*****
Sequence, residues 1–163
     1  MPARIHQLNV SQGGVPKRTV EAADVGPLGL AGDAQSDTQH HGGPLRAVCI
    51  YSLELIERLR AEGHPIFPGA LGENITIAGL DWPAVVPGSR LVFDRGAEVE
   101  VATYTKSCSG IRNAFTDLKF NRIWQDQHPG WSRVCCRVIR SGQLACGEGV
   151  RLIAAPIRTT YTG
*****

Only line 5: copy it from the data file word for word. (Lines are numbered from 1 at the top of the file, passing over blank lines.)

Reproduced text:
   151  RLIAAPIRTT YTG